Most of all, have fun, and enjoy the winter and holiday season!! Remember that your pets are companion animals and enjoy human contact; friends, relatives and attention in general. Your holidays will be much less stressful if you take just little time to be prepared.

Disaster Preparedness for Your Pets

Don't wait for a disaster, plan ahead! Get familiar with the types of disasters that may happen (power failure, earthquake, flood, fire, hazardous material spill, volcanic eruption) and make a plan of action.

Survey your property for the best location to confine your animals for any type of emergency. A small room away from windows and with a tile floor, like a utility room or bathroom is good for smaller pets.

If it becomes necessary to leave your home, decide on a location to take your pet. Contact boarding kennels, veterinary clinics, friends or relatives, and motels that take pets.

Plan several routes of escape. If you have a stock trailer or pickup with livestock racks, keep them serviced and always keep the gas tank at least half full. For smaller animals, have leashes or pet carriers or portable kennels on hand for each pet. Familiarize your pet with the carrier.

Be sure all animals have some form of identification, such as an ear tag, microchip, license, collar ID tag, etc. Be sure tags include your name, animal's name, address and phone number.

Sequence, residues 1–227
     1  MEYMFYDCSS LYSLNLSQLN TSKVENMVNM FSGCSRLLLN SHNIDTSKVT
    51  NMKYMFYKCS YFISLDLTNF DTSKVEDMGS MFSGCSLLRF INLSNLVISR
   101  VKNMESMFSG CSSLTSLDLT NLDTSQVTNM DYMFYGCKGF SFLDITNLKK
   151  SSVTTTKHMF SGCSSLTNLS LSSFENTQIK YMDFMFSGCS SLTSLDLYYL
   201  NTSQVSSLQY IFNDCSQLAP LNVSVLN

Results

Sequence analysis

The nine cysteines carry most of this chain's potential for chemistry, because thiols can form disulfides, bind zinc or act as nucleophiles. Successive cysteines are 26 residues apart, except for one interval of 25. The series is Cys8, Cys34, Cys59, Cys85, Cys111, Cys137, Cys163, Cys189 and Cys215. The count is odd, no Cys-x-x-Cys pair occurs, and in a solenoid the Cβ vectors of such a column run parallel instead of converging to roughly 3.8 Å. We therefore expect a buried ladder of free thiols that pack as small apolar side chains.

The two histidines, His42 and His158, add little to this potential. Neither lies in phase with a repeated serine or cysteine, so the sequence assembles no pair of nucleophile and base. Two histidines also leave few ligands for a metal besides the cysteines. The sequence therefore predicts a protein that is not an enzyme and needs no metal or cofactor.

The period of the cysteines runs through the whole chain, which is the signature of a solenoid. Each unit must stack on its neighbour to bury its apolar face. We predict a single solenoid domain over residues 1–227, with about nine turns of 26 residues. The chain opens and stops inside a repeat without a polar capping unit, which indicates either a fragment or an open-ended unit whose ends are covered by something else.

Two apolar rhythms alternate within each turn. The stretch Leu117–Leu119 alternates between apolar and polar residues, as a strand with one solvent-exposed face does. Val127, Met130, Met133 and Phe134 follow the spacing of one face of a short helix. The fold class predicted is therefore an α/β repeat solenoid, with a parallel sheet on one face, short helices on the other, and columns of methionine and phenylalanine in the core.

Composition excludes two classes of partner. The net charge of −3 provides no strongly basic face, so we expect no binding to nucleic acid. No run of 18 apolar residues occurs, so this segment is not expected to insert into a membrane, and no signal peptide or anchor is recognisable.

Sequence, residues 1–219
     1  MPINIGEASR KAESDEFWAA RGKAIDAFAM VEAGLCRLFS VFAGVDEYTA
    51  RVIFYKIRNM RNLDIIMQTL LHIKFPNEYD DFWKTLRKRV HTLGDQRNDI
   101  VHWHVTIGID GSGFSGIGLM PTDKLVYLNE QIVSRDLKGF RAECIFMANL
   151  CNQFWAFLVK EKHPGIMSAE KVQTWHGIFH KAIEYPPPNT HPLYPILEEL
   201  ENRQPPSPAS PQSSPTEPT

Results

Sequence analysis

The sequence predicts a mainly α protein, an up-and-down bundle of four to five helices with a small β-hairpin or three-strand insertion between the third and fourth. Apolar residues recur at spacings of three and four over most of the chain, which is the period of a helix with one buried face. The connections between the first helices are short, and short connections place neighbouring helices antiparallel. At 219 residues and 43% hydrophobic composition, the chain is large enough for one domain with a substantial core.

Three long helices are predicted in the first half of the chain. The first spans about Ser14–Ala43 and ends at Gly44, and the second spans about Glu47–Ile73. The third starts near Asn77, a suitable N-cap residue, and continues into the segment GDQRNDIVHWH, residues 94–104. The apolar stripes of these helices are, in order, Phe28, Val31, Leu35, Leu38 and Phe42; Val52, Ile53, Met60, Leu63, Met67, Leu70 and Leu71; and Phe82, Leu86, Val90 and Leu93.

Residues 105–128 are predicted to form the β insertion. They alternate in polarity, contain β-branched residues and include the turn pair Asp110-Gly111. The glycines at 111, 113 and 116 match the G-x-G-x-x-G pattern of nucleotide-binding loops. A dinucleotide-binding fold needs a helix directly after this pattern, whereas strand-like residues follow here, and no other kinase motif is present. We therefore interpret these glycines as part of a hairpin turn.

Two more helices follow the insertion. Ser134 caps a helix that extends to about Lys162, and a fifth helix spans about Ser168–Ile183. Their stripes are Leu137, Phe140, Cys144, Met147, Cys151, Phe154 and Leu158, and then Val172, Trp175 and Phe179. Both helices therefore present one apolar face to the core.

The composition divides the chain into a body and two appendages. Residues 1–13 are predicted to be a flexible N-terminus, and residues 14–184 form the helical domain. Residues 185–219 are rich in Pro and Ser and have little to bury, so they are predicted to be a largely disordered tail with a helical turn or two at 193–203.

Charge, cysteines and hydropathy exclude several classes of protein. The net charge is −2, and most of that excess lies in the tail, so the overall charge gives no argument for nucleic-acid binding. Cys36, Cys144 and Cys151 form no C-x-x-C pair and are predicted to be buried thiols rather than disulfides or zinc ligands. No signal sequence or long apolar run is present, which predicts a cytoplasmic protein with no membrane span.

Take a picture of your pet and make note of its markings.

Have copies of your pet's immunization records and registration records if appropriate.
Keep an emergency supply of feed, medications, and clean water. Plan for 5-7 days worth, 2 weeks is ideal. Include items to handle pet wastes such as newspapers, plastic bags, and cleansers.
If you have to leave your pet at home, bring the pet indoors and leave only dry pet food, do not leave treats or supplements, and leave water in a sturdy container (i.e., fill the bathtub and leave toilet seats up). Never leave a cat and a dog together, even if the two are normally friendly, and place difficult or dangerous animals in sturdy crates or cages.

After the disaster

Be careful allowing your pets outdoors. Severe weather can alter scents and landmarks, and your pet could become confused and lost. Dangers could also be present such as downed power lines and wild animals.

If your pet is lost, contact local veterinary clinics, kennels, and humane societies.
If you find a pet, contact your local humane society or any emergency numbers that have been set up during the disaster.

For more information visit the Whatcom County Division of Emergency Management

Locate

Contact

Village Veterinary Hospital
236 36th Street
Bellingham, WA 98225

Phone: (360) 647-1980

After Hours Emergency
(360) 758-2200

Hours-

 

Monday 7:30am 6:00pm
Tuesday 7:30am 6:00pm
Wednesday 7:30am 6:00pm
Thursday 7:30am 6:00pm
Friday 7:30am 6:00pm
Saturday 8:00am 12:00pm
Sunday Closed Closed
Village Veterinary Hospital    Your Pet's Best Friend!